Digital Matriculation Examination
The Matriculation Examination is currently under a process of digitalisation. The first digital tests were held in the autumn of 2016 in geography, philosophy and German language. The last test to become digital will be the mathematics test in spring 2019. From then on traditional paper tests will no longer be organised.
The digital examination makes it possible to use more materials with test items: pictures, video and audio. Candidates are not limited to a browser-based test system that only records their answers. The laptop they are using has a variety of applications that are also used in teaching. For example, a test item may contain spreadsheet data which must be analysed using some of the statistical tools, and then be used as part of the answer.
Candidates’ laptops may be their own (bring-your-own-device, BYOD) or borrowed from the school. So far more than 2,000 different laptop models have been used. At the start of a test, candidates boot into a Linux operating system from a USB memory that is delivered to schools by the Matriculation Examination Board. Due to the tailored operating system, candidates cannot access their local files and programmes but only those applications and materials that are pre-installed on the operating system.
|Casio ClassPad Manager||symbolic computation (CAS)||commercial, available in the Matriculation Examination and Abitti||https://edu.casio.com/products/classroom/cp2m/|
|Dia||vector graphics||free, open source||http://dia-installer.de/|
|Geogebra||symbolic computation (CAS)||free, open source||http://www.geogebra.org/cms/en/|
|GIMP||graphics editor||free, open source||http://gimp.org/|
|InkScape||vector graphics||free, open source||http://inkscape.org|
|LibreOffice||word processing, spreadsheet, presentations, vector graphics||free, open source||https://www.libreoffice.org/|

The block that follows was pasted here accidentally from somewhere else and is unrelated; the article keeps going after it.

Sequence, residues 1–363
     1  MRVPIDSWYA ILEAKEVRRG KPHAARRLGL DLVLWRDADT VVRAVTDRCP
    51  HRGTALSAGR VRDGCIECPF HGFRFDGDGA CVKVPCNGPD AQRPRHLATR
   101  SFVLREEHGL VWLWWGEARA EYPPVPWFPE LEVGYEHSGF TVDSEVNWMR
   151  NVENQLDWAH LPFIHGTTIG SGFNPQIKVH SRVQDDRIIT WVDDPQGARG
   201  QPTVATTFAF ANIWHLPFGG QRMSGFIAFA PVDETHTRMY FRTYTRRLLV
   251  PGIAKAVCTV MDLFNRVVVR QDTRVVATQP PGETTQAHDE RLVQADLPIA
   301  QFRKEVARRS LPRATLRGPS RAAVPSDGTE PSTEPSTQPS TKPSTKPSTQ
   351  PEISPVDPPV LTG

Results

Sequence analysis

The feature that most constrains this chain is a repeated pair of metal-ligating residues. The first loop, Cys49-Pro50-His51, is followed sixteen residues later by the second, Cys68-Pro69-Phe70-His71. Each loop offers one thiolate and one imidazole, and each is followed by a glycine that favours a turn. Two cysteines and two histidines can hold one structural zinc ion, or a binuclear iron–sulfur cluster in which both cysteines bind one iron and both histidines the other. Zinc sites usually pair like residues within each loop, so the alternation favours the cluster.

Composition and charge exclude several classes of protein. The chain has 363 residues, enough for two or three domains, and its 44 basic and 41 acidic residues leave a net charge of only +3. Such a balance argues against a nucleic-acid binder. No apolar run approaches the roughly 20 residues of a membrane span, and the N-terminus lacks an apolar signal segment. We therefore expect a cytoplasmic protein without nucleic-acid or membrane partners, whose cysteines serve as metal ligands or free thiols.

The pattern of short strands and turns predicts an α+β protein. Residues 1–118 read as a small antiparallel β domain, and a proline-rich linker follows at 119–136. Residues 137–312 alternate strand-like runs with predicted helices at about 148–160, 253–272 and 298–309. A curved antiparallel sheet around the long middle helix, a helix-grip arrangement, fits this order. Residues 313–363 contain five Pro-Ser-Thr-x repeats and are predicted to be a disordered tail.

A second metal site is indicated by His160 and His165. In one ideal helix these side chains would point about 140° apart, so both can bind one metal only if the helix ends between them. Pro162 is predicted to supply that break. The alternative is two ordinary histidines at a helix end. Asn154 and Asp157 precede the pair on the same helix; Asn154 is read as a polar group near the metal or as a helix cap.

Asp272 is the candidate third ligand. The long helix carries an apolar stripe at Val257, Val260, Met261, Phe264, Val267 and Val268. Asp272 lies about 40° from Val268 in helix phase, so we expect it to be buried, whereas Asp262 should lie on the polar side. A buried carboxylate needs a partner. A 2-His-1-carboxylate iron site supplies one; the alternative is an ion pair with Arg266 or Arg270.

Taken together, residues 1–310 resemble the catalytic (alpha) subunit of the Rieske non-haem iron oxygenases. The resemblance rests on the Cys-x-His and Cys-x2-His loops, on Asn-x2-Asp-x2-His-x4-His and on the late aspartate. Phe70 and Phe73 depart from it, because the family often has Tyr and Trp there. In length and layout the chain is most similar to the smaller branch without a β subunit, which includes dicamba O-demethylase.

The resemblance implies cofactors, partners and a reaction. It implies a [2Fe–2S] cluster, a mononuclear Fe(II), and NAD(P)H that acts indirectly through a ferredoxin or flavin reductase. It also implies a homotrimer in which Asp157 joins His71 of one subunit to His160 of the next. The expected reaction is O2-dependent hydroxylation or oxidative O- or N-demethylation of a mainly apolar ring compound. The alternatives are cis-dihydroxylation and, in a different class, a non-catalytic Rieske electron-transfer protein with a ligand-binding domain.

|LoggerPro||analysis of measurement data||commercial, available in the Matriculation Examination but not in Abitti||http://www.vernier.com/products/software/lp/|
|MarvinSketch||structural formulas in chemistry||commercial, free for students and teachers, available in the Matriculation Examination and Abitti||https://www.chemaxon.com/products/marvin/marvinsketch/|
|Pinta||graphics editor||free, open source||http://www.pinta-project.com/|
|Texas Instruments TI-Nspire CAS||symbolic computation (CAS)||commercial, available in the Matriculation Examination and Abitti||https://education.ti.com/fi/products/computer-software/ti-nspire-cx-cas-student-sw|
|wxMaxima||symbolic computation (CAS)||free, open source||http://andrejv.github.io/wxmaxima/|
|MAOL digital tables||table application for mathematics, physics and chemistry||commercial, available in the Matriculation Examination, restricted content in Abitti|
Candidates’ computers are connected to the server via a local network which is typically wired. The network is not connected to the Internet. Candidates get the test questions and attached materials via a browser which connects to the test system. The test system runs on the candidates’ own laptops and is connected to the local server. The reason for running a distributed self-contained test system instead of cloud-based architecture is to minimise the risk of technical difficulties during a test. Candidates’ answers and files are automatically backed up on the local server.
After the test, candidates’ answers are sent to the Matriculation Examination Board’s web service where they are marked and scored first by teachers and then by the Board’s censors. Since the local servers are not connected to the Internet, the answers are exported to a USB memory and later uploaded to the web service. A similar method is used to deliver the test items from the Board to the test sites.
In order to help upper secondary schools to practise for the digital examination, the Matriculation Examination Board has developed a digital course exam system, Abitti, in parallel with the digital examination. Its functions and tools are similar to those used in the Matriculation Examination. Abitti offers a complete process for arranging a course exam: creating the USB sticks for students and servers, authoring test items, carrying out the course exam in the local network and assessing the students’ answers. By carrying out course exams made with Abitti, teachers and students have been able to practise the use of the digital examination system on beforehand.